On the right you have Primal (adrenaline-driven) Aggression, starting at the baseline or Trigger Phase, where little explosions of adrenaline may be experienced but because they are coping with these triggers, all things are copasetic. All venues have their expected baseline of perceived “Triggering” behavior but it is when an individual stops coping with these triggers that the threat mechanisms fire off in their brain, they start producing adrenaline and they enter the Escalation Phase, we use the term “mounting anxiety.” Mounting Anxiety changes their body language, behavior and communication indicators in ways that we can recognize them; giving us the opportunity to engage and prevent further escalation. The earlier we engage them the easier it is to defuse and prevent the next Stage of Aggression.  As an example, someone who normally is pragmatic and methodical comes to work scattered and disjointed. Why? Because they are not coping with something, regardless of what may be causing it. It is in our best interest to engage this person, in a genuine and caring way and say, “You look a little scattered today, tell me about it?” This genuine and earnest investment of your time and energy will produce significant results.  Typically, given the opportunity, humans will respond by sharing what is causing their dilemma and when once shared will often release their burden to some degree and permit them to begin regaining their lost Quality of Judgment.  Primal Aggression is indicative of someone losing control of Quality of Judgment. The higher an aggressor escalates up the Primal Aggression Continuum, the greater their loss of Quality of Judgment and lesser your chances of diffusing them.   The lesson here is, engage as early as possible and prevent all subsequent escalation on this Aggression Continuum.  Does this work 100% of the time, of course not!  But this provides the most reliable means of getting out in front of a Primal Aggression and preventing further escalation.  Preventing an aggressor from traversing through the Escalation Phase into the Crisis Phase is where we see this person spiraling out of control into panic and or rage!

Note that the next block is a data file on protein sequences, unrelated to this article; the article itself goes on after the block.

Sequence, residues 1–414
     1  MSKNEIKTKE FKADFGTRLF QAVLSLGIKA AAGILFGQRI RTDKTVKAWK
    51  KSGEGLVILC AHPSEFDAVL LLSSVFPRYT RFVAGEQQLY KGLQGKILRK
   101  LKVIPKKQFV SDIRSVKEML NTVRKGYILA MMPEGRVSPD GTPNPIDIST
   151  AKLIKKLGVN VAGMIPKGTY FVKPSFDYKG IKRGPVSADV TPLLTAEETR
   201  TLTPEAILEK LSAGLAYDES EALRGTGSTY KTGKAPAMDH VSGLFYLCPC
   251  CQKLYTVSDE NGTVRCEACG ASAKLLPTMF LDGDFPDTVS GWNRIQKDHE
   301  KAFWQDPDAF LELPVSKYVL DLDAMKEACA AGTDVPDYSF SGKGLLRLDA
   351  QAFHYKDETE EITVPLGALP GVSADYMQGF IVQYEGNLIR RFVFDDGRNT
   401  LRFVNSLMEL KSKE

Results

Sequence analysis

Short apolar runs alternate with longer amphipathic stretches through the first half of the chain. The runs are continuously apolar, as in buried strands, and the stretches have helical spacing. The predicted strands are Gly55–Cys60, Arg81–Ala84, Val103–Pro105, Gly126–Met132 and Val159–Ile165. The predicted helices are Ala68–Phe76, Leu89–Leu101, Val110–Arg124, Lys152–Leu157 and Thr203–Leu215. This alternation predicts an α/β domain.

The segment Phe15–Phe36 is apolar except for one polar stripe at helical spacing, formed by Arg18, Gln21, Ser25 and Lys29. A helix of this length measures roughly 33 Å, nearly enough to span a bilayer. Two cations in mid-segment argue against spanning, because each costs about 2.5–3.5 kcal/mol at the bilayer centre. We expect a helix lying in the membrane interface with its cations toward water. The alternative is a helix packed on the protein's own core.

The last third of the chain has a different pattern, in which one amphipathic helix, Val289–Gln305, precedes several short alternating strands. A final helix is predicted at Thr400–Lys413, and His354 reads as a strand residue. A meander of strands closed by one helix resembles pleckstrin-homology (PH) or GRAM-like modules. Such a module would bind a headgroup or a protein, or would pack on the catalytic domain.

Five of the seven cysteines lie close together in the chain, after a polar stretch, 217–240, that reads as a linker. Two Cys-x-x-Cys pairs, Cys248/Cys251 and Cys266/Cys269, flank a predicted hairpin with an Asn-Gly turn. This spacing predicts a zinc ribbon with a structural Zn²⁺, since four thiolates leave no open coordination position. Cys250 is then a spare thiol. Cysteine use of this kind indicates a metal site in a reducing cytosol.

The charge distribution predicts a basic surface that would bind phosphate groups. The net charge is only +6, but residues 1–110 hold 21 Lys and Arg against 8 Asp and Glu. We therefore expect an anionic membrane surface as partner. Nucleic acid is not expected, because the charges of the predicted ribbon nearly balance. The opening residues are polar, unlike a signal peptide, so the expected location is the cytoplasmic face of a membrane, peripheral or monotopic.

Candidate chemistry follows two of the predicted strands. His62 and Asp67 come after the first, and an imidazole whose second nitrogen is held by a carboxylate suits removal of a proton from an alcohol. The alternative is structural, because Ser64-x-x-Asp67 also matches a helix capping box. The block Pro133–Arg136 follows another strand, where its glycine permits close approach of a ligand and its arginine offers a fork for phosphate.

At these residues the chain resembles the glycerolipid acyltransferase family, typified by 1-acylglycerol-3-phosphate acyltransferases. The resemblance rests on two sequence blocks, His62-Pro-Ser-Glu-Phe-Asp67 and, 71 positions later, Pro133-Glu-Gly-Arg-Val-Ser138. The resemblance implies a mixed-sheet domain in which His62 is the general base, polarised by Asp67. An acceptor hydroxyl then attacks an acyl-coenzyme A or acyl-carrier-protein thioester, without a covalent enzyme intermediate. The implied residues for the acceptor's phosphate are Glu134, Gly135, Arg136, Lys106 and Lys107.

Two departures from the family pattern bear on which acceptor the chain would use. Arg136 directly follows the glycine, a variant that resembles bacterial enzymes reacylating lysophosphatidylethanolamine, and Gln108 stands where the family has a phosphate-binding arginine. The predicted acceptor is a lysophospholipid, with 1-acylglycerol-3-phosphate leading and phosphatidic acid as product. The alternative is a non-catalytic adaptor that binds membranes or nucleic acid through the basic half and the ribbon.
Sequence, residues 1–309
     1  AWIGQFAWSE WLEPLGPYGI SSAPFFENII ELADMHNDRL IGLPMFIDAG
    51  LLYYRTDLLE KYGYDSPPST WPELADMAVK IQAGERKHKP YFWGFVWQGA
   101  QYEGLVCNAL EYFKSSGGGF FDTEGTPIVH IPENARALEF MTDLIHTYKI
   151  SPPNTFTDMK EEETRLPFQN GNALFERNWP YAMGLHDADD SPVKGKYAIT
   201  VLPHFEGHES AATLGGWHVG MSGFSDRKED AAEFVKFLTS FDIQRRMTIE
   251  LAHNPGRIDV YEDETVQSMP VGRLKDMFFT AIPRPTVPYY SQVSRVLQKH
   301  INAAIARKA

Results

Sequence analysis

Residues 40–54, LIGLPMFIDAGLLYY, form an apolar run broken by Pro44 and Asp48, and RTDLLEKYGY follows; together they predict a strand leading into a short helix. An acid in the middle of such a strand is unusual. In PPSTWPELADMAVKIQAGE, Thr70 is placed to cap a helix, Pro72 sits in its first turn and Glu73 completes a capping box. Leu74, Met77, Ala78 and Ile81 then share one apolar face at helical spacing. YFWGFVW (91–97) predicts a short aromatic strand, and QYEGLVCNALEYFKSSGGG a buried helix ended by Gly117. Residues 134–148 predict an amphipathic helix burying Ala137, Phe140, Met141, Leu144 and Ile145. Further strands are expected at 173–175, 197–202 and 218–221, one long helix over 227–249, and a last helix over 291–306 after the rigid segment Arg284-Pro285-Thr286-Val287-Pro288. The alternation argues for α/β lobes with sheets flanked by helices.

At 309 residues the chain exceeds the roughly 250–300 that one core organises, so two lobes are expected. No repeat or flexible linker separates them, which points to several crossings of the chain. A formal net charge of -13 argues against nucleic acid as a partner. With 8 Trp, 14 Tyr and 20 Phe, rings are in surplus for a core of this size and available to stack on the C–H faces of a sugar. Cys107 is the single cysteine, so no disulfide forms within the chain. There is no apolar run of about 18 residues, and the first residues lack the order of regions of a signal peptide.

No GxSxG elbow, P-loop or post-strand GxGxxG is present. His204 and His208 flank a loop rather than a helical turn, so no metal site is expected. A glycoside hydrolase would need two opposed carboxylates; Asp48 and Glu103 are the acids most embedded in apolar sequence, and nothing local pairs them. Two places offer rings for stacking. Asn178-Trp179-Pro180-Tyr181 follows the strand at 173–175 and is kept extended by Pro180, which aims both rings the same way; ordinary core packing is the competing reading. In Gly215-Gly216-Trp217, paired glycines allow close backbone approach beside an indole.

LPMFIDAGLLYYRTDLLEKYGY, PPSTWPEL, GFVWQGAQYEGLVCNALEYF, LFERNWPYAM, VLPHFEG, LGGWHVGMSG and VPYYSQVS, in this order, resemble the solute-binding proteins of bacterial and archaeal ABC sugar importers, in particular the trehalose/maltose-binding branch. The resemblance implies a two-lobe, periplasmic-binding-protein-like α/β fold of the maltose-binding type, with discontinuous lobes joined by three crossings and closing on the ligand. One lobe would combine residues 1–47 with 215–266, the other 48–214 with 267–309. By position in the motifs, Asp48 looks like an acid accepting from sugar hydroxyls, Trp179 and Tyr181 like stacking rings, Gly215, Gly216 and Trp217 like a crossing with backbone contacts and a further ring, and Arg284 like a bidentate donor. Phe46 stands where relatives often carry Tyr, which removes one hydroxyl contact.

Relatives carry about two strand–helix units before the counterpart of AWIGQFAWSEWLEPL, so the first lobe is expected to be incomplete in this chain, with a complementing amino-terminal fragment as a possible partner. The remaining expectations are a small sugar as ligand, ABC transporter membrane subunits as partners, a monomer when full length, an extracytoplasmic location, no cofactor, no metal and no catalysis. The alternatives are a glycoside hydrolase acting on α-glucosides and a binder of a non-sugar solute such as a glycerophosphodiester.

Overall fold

If Primal Aggression represents someone losing control (adrenaline-driven) what about conscious, deliberate aggression, where does this fit?  It doesn’t!  For this we developed the Cognitive (intent-driven) Aggression Continuum illustrating intent-driven aggression from its outset through its ultimate expression, the perpetrator of murder/suicide.  Cognitive Aggression is far more difficult to identify and diffuse if you don’t understand its components.   However, once understood, it is really quite easy.  Ask yourself, “What is your intent with this person or persons?”  Is it in your interest and theirs, therefore a “win/win,” as it should be; or is it in your interest and to their detriment.  In other words, you are going to victimize this person.  There are nine clearly defined phases/levels to the Cognitive Aggression Continuum, the first grouping are the victimizers, the next are the predators, who are more focused on a purpose than an individual (like robbery and criminal intent), and the highest phase/level of Cognitive Aggression is the perpetrator of murder/suicide, the most lethal of all aggressors, like Adam Lanza the Sandy Hook Elementary School shooter.